The energetics module is the first of two modules in thermodynamics and is studied as part of the AS course or first year of A level.
Students have met the idea of enthalpy change at GCSE in the context of energy changes associated with chemical reactions and will be familiar with the concept of exothermic and endothermic reactions. Some students may not have called these changes enthalpy changes, but should be familar with constructing anergy level diagrams and using bond energies to calculate an enthalpy change for a reaction from GCSE.
At A level, enthalpy change needs to be rigorously defined and students need to be able to represent named enthalpy changes with equations showing the correct stoichiometry and state symbols. They must be able to define correctly standard enthalpy of formation and standard enthalpy of combustion, and use these, along with Hess' law, to calculate standard enthalpies of reaction.
Hess' law and Hess cycles are of fundamental importance since, once established, they are used in order to extend thermodynamics in the second year of the A level, for example when calculating enthalpies of solution. Born Haber cycles are in fact also complex Hess cycles.
First year thermodynamics also requires students to understand and be able to carry out experiments to measure the enthalpy change associated with a reaction. This includes measuring enthalpy changes associated with combustion reactions and also a wider range of reactions such as neutralisations and displacement reactions. Both of these require an understanding and application of the principles of calorimetry.
Students may be asked to suggest sources of error in experimental measurement of enthalpy changes in order to account for discrepancies and, unlike at GCSE, must take account the direction of the error in their suggestions.
This first encounter with thermodynamics lays the foundation for much of what follows in the second year of A level and so it is well worth taking the time to ensure that students are comfortable with the ideas met before moving on.
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Links and Resources
This comprehensive resource provides much detailed background material on the topics covered in this module. The resource would be useful for teachers when planning lessons, but also many of the exercises, with a few dated exceptions, are still useful and pertinent to current syllabuses and can be scanned or retyped and edited to provide class or homework material. An invaluable resource for planning, and for setting example problems to support teaching and learning.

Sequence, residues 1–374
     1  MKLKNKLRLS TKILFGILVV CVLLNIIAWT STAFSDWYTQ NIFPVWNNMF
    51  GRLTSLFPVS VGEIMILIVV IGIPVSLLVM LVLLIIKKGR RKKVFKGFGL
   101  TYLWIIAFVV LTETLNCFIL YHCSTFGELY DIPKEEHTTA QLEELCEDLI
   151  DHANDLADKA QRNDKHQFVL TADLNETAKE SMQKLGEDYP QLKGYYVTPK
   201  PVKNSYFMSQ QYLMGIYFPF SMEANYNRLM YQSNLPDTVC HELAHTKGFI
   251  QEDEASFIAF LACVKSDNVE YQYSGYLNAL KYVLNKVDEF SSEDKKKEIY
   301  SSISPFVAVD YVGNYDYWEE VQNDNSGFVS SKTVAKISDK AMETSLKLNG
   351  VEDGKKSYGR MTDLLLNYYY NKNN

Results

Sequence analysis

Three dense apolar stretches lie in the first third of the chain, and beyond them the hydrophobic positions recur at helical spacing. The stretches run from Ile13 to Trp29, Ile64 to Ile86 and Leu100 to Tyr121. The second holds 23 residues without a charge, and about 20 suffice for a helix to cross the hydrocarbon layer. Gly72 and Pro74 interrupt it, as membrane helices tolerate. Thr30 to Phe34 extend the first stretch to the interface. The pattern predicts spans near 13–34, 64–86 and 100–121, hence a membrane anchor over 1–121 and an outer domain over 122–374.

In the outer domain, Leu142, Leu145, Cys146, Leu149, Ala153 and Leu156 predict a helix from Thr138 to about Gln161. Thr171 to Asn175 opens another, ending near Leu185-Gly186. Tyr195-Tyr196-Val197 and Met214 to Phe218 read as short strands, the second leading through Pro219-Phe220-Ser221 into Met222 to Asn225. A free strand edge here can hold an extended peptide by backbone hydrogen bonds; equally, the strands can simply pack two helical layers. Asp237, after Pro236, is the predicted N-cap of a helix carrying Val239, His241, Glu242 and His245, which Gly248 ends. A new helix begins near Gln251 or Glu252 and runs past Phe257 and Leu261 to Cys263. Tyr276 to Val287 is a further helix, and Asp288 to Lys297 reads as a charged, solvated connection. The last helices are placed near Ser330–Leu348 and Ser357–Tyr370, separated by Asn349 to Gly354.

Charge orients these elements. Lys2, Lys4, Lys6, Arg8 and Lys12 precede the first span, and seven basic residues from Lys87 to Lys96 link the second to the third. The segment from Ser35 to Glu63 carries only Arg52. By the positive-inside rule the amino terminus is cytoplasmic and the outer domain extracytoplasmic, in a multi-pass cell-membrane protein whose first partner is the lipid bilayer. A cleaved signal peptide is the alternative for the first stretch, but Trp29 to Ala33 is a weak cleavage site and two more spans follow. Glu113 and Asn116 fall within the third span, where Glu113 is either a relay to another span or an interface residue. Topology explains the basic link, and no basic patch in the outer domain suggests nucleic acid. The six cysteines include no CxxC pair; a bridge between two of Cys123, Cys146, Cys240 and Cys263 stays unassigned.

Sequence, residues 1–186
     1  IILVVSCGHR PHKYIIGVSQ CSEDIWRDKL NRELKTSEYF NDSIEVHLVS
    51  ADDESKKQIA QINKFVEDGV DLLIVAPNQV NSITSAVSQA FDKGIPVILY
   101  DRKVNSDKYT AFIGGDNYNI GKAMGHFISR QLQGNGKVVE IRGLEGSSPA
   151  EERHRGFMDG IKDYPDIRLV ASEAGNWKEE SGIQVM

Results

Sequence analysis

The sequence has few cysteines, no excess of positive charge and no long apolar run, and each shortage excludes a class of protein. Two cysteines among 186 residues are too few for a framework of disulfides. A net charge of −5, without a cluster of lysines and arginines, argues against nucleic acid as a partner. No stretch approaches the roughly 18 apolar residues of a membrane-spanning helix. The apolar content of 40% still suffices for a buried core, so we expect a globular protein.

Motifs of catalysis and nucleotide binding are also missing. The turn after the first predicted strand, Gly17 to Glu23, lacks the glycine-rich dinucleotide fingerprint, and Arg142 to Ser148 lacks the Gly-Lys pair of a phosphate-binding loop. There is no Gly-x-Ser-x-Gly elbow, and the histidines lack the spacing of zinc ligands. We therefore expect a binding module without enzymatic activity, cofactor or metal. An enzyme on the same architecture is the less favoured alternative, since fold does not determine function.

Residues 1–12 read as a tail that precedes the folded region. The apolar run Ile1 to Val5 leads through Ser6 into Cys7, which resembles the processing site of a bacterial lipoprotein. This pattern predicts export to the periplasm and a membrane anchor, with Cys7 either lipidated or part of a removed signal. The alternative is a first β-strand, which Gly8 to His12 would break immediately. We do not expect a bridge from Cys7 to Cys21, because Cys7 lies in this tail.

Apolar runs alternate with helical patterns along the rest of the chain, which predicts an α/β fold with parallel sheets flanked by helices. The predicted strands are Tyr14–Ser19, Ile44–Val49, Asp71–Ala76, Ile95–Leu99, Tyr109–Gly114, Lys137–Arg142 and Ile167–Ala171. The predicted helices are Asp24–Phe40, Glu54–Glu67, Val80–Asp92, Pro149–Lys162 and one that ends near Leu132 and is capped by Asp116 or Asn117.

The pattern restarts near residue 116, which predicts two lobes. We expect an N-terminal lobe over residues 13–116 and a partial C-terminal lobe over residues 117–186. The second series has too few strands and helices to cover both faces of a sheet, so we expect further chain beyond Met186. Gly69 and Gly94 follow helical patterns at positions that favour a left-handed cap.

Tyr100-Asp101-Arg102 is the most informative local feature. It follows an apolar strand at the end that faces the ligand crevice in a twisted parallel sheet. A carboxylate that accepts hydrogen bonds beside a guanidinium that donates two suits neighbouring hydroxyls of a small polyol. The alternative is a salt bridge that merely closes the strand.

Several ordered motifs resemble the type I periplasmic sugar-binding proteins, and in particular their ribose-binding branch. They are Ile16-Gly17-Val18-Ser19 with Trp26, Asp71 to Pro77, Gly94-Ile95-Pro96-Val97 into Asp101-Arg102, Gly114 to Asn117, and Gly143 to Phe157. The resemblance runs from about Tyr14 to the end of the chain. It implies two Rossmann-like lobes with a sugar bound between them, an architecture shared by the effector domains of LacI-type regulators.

Pages 15 to 18 cover the principles involved in measuring the enthalpy of reaction in aqueous solution, and include a practical outline showing clearly how to obtain and process data in order to determine the enthalpy change for the reaction. This method is often used by exam boards in their questions and practical activities.
Pages 25 to 26 provide a further experimental investigation combining the previous method of measuring and enthalpy change for an aqueous reaction with Hess' law in order to calculate the enthalpy of a reaction that cannot be carried out, indirectly.
This resource, from the Royal Society of Chemistry's Starter for Ten collection, provides useful worksheets covering those all important definitions: bond enthalpies, Hess' law and calorimetry. The material is useful to reinforce learning either in class or as homework exercises.
This is a very simple introduction to calorimetry where students measure the heat energy released in burning several different alcohols. The method heats a fixed mass of water by approximately 40oC then asks the students which alcohol releases the most energy per gram. Students are not told how to approach answering this question and therefore have to think about how to best use the data. Repetition helps to familiarise students with the method. The calculations can be easily extended in order to estimate the enthalpy of combustion of each alcohol from the data obtained.
This is a nice resource giving students an opportunity to apply their understanding of enthalpy changes in a real and novel context based on the construction of modern sewage tunnels in the City of London. The resource includes teaching notes and student worksheets for the activity. There are links to the video and presentation slides mentioned in the teaching notes in the rubric to the activity itself.
This is the video associated with the previous Tunnelworks resource.
The first section of this resource allows students to apply their understanding of Hess' law to solving problems in the unfamiliar context of the Solvay Process for manufacture of sodium carbonate.
It reinforces calculation of the enthalpy change for a target reaction by adding together several other equations, the sum of which reproduces the desired target. If this is the case, then the enthalpy change for the overall reaction is given by the sum of the enthalpy changes for the individual component reactions. This is an almost essential principle to master in first year (AS) thermodynamics. Pages one and two lead students through this skill. Pages three and four may be used as extension material for more able students. The remainder of the resource focuses on acid base equilibria.